‘Co-production‘, ‘participation’ and ‘involvement‘ all help ensure that those who use services play a role in their design. This can enhance delivery, acceptability and ultimately effectiveness.

Research methodologies and outputs are similarly improved through the involvement of those who are otherwise usually only have the role of research ‘subjects’. Moreover it allows a re-balancing of the potential ‘them and us‘, power, dynamic within research.

Examples of my participation work include:

  • I recruited and trained a group of young people who had a long term health condition to collaborate with academics in the University of East London advisers. The young people shared their ideas based on their first-hand lived experience of that condition, to help improve local health services.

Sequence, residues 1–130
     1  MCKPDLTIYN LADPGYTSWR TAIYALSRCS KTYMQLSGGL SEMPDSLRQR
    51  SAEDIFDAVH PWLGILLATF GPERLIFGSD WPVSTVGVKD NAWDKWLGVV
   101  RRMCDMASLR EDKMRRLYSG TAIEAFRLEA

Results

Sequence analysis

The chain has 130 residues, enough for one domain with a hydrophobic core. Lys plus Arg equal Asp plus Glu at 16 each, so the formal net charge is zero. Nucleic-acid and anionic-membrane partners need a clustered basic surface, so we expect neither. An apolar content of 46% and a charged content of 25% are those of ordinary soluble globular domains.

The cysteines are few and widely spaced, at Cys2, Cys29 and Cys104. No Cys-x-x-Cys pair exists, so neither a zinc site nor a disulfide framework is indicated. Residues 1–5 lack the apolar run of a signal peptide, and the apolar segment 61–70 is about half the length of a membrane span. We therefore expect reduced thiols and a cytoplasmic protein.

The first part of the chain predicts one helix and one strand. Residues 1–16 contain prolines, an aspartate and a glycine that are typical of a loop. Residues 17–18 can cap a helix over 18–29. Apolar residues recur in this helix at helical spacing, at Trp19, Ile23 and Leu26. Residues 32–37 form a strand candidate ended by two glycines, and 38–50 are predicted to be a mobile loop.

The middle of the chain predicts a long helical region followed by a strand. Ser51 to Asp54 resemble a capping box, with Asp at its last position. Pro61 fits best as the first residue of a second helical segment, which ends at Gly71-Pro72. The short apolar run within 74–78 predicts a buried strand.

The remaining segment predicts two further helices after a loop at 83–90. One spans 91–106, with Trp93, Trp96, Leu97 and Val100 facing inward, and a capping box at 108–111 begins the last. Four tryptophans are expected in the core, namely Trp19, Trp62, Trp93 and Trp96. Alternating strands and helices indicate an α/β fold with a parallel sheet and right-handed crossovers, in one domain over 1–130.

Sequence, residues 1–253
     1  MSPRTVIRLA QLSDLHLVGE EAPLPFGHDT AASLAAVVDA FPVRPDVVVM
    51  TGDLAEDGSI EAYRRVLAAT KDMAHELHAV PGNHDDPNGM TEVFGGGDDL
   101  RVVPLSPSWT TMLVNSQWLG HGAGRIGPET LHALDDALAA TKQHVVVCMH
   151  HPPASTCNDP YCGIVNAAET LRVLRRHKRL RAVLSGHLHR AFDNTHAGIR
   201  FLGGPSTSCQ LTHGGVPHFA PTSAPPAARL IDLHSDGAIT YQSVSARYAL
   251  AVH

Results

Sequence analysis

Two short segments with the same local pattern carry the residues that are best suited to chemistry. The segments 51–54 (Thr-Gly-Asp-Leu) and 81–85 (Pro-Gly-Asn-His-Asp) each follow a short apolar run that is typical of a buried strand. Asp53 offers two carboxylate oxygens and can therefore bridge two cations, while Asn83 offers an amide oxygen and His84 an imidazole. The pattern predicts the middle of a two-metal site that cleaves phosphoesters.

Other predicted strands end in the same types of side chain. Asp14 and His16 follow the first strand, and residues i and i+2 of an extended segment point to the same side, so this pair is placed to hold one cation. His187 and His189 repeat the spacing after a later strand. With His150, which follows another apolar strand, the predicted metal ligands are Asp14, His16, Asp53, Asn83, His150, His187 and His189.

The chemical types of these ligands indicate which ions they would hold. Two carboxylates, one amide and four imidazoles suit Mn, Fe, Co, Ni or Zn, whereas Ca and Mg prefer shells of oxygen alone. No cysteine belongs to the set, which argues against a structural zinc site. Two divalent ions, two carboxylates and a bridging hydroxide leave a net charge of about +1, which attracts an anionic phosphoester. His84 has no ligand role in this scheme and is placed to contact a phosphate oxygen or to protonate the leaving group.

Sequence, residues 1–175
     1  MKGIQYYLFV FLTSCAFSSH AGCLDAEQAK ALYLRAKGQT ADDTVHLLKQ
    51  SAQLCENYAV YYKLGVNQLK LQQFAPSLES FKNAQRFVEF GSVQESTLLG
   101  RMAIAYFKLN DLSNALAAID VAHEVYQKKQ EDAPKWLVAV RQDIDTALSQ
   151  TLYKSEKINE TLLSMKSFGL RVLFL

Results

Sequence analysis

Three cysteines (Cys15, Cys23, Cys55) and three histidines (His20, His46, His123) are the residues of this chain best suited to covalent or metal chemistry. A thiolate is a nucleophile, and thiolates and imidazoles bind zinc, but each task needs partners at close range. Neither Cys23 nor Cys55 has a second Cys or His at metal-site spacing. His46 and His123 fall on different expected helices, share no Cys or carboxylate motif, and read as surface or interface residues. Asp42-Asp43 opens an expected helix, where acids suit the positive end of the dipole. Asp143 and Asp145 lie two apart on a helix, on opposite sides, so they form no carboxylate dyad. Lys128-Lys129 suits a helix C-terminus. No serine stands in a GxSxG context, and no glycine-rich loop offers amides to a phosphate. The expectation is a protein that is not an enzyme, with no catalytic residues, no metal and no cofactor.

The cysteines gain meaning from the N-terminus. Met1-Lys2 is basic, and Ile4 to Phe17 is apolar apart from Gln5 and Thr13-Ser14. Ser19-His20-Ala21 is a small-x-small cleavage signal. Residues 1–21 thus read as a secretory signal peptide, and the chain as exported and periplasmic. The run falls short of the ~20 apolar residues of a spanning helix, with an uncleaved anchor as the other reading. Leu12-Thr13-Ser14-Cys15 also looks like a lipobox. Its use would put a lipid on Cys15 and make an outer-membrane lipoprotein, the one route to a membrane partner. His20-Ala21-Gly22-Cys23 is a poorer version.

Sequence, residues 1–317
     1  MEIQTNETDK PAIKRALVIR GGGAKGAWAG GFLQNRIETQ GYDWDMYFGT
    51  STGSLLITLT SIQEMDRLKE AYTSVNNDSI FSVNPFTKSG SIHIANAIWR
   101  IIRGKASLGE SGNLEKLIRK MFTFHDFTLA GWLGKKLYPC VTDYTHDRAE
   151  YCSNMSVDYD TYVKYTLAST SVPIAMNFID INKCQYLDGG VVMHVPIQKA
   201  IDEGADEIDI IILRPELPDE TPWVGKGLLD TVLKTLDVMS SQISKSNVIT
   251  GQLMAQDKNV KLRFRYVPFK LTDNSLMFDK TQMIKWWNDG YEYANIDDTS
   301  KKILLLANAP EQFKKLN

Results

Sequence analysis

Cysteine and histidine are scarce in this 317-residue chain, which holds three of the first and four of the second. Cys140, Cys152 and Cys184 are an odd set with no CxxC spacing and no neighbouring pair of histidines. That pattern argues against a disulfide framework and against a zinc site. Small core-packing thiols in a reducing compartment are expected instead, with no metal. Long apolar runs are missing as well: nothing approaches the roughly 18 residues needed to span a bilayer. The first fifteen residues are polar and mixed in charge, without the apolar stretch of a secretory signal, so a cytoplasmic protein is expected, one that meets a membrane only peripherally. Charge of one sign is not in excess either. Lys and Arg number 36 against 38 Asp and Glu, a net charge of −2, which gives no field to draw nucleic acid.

• I supported a group of young people to co-produce evaluation methods and tools to assess the impact of a new sex education programme, which aimed to promote awareness of sexual exploitation among vulnerable young people.
  • I co-produced outcome indicators with the Childhood Bereavement Network practitioners, children and young people.
  • For the LEAP evaluation I co-produced key indicators to use in evaluation methods and tools with local parents